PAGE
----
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Highlights

Pursuant to a congressional request, GAO examined the Coast Guard's efforts to reduce alcohol problems on commercial vessels, focusing on its: (1) procedures to screen merchant mariner applicants for alcohol abuse; and (2) readiness to enforce intoxication regulations. GAO also identified the number of: (1) applicants the Coast Guard rejected because of alcohol abuse; and (2) maritime accidents attributable to alcohol.

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Recommendations

Matter for Congressional Consideration

Matter Status
To assist the Coast Guard in carrying out its marine safety responsibilities, as regards its efforts to reduce alcohol-related accidents in the maritime industry, Congress should consider granting the Coast Guard authority to withhold or revoke the initial merchant mariner document, the official paper needed to work on U.S. commercial vessels, from alcohol abusers and to obtain access to the National Driver Register to verify applicants' statements on alcohol-related convictions. H.R. 1465 contains provisions to attain those improvements in the Coast Guard.
Closed - Implemented

Recommendations for Executive Action

Agency Affected Recommendation Status
Department of Transportation 1. The Secretary of Transportation should direct the Commandant, U.S. Coast Guard, to improve procedures for identifying alcohol abusers in processing merchant mariner applications by requiring verification of all applications with the Federal Bureau of Investigation and by asking for information on alcohol use on medical reports.
Closed - Implemented
The Coast Guard has published physical examination guidelines which include alcoholism and chronic alcohol abuse as disqualifying conditions. It intends to use either or both FBI or National Driver Register information to verify applicants' records.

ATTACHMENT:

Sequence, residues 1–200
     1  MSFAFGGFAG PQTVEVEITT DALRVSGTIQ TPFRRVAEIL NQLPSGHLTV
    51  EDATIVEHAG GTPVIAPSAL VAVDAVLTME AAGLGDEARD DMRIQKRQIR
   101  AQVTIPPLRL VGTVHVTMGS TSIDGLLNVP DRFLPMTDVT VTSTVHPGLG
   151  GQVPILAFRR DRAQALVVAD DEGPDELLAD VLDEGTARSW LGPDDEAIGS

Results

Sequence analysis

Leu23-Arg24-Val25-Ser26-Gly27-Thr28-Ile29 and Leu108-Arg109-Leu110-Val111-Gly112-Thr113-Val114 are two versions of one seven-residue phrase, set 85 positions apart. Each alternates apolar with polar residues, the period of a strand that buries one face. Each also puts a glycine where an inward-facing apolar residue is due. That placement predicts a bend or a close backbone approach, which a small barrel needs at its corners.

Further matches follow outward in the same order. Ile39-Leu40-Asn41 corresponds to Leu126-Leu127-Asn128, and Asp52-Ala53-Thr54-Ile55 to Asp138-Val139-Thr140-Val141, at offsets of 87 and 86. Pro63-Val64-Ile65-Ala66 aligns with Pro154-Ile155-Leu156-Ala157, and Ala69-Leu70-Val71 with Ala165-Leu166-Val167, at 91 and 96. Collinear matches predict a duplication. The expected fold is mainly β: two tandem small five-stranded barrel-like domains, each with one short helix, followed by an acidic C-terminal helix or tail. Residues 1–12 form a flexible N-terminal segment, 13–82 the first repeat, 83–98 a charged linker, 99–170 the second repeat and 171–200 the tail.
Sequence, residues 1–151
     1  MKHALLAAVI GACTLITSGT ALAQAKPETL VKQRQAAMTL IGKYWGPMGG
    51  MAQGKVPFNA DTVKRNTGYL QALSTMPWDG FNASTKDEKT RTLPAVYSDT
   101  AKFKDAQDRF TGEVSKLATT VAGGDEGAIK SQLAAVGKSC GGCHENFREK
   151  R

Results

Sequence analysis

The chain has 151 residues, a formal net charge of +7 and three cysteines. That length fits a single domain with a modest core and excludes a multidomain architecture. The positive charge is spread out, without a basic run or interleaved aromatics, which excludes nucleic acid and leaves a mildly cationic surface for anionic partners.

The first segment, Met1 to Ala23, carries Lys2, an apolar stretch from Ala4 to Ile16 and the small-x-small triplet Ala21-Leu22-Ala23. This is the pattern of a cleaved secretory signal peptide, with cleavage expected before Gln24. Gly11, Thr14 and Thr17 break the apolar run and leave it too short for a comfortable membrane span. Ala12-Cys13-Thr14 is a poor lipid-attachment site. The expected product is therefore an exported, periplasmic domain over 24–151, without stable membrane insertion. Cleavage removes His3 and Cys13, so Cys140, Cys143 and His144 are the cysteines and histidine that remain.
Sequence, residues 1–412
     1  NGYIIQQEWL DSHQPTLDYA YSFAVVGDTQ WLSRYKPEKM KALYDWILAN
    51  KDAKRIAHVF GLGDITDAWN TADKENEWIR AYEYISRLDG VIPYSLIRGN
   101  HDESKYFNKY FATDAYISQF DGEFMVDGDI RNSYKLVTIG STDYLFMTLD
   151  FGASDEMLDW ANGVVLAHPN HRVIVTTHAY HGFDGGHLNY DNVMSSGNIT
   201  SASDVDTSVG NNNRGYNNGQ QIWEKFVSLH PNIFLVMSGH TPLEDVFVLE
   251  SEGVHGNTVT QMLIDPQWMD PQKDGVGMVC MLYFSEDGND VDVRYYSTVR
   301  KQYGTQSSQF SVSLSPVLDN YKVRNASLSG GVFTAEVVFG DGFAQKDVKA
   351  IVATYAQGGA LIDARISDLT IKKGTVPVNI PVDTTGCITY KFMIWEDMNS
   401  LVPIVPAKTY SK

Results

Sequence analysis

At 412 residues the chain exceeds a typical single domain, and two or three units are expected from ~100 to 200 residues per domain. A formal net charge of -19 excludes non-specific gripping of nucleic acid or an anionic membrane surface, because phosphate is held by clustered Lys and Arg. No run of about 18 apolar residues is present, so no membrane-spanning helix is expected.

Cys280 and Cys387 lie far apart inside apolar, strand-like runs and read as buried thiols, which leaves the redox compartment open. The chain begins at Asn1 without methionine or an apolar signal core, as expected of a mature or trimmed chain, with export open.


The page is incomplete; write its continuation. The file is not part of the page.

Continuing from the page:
Department of Transportation 2. The Secretary of Transportation should direct the Commandant, U.S. Coast Guard, to provide investigators with the necessary training and testing equipment so that they are prepared to enforce the intoxication regulations.
Closed - Implemented
The Coast Guard improved its enforcement of intoxication regulations by providing its investigators with alcohol abuse training and testing equipment.
Department of Transportation 3. The Secretary of Transportation should direct the Commandant, U.S. Coast Guard, to improve management information and program effectiveness by collecting data on applications denied because of alcohol use, accidents in which alcohol was a contributing factor, violations of intoxication regulations, and results from reasonable-cause testing.
Closed - Implemented
The Coast Guard developed changes to its existing data collection procedures to collect the information described.
Department of Transportation 4. The Secretary of Transportation, in conjunction with the Department of Transportation's rulemaking process for the prevention of alcohol abuse, should determine whether existing differences in procedures among the transportation modes are reasonable or whether more effective results could be achieved by making the regulations more uniform.
Closed - Implemented
DOT proposed regulations concerning use and abuse of alcohol in the various transportation modes in December 1992. After deliberation of comments received from the public, the final regulations were issued in February 1994. The regulations make the testing for alcohol abuse more uniform among the various transportation modes.

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